MAY 2018

We began this month with a briefing on Capitol Hill for congressional offices to share information about the changes coming to local TV stations and how they can prepare their constituents. Read on for a quick update on the briefing.

Also, our TVAnswers Facebook and Twitter followers have been posting a variety of questions about their local stations’ frequency moves and rescanning issues. In this month’s newsletter, we are sharing the most common questions we have received and providing you with answers to help you prepare for similar inquiries that may come from your viewers.

Congressional Briefing Update

TVAnswers Hill Briefing

Continuing our ongoing engagement with congressional offices, we held a briefing for Capitol Hill staff earlier this month. During the briefing, we distributed folders containing resources staffers could use to prepare viewers. These tools are also available online at, including talking points, sample constituent letters and quick answers to phone calls. Feel free to share these tools with your legislators and encourage them to help educate viewers.

Attendees were provided with post-meeting surveys to share their feedback. A majority of participants said they believe many of their constituents are unaware of the upcoming changes and anticipate viewers will be contacting their Hill and district offices regarding this issue. As we head into summer, we encourage you to invite your legislators to visit your station during the summer recess in August and educate them about the changes coming to local TV. As a reminder, station tools, including talking points and a sample letter to members of Congress, are available at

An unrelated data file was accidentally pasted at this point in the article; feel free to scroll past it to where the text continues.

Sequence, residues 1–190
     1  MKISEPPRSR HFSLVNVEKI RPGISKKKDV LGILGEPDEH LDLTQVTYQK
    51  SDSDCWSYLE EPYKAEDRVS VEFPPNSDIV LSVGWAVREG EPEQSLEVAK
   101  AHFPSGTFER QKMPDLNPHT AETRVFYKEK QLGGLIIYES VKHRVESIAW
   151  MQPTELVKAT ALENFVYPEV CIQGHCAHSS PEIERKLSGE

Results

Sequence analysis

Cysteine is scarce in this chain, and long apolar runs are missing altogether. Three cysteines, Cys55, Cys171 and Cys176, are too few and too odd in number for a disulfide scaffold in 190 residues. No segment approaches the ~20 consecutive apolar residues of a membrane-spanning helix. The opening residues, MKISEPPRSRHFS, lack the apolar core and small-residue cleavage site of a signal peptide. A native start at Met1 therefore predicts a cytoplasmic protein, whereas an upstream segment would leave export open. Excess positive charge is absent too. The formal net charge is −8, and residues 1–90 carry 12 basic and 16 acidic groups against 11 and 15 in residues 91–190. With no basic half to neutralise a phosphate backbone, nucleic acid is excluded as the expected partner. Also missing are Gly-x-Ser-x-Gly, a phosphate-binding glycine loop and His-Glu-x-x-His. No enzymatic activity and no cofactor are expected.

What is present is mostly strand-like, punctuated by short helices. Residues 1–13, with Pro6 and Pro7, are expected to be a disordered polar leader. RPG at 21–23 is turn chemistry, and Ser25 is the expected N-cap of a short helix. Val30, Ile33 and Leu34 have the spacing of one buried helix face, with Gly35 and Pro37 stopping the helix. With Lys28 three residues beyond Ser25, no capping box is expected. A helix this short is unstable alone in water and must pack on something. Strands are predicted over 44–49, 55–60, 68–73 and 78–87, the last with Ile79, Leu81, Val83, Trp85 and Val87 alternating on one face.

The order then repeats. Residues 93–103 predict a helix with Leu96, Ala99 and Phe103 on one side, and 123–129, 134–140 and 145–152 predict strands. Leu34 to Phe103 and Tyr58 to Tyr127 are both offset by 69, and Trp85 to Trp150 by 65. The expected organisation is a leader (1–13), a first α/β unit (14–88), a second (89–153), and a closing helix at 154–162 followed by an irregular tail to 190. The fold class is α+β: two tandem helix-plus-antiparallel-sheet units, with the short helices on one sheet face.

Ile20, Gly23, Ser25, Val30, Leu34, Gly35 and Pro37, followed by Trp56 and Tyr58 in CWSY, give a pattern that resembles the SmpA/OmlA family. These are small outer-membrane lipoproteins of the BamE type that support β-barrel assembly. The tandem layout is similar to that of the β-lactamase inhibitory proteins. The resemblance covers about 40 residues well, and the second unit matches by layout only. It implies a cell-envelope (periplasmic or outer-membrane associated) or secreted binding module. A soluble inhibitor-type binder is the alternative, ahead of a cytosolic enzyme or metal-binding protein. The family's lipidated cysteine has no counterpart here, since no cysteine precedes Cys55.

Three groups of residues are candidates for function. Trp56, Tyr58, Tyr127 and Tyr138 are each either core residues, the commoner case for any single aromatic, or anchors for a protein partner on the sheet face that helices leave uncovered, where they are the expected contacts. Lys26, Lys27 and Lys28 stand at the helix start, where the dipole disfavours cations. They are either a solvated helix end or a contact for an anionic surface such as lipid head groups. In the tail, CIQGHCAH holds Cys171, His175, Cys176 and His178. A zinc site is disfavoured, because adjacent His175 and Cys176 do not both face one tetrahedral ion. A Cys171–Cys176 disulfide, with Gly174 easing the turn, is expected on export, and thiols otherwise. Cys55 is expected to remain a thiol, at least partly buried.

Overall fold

@TVAnswers Questions and Answers

Social Media Questions

Based on this month’s flurry of social media questions we have received through @TVAnswers, we are providing suggested answers to our most-received inquiries. These answers can be used to provide insight and information to viewers who run into issues with rescanning or reception. We’ve answered all incoming questions using TVAnswers and Federal Communications Commission resources, but we are finding that the volume of questions are growing as is the need for technical expertise. As a result, we encourage stations to have their technical staff serve as a point of contact for viewers whenever possible.

Q: I rescanned to receive a channel that moved frequencies. I don’t get that channel anymore, and I lost some multicast channels, too.

A small number of stations that are moving frequencies now transmit from different towers as part of a process called “channel sharing.” In some cases, this means the station’s signal strength (and by extension its coverage area) may have changed. The station may broadcast to a larger or smaller audience based upon the signal strength at its new location. As a result, if you rescan your television – and you have exhausted all other troubleshooting options – the signal where you live may be too weak for you to receive with your equipment. This may also impact multicast channels (channels with numbers like 18.2, 18.3, etc.). To find out if you can receive a certain station, a good place to visit is

  • Under the Web Listings section, enter the call sign of the station you’re looking for.
  • From the list of results displayed under that callsign, select the Technical Data link, and then select the DTV-LIC link.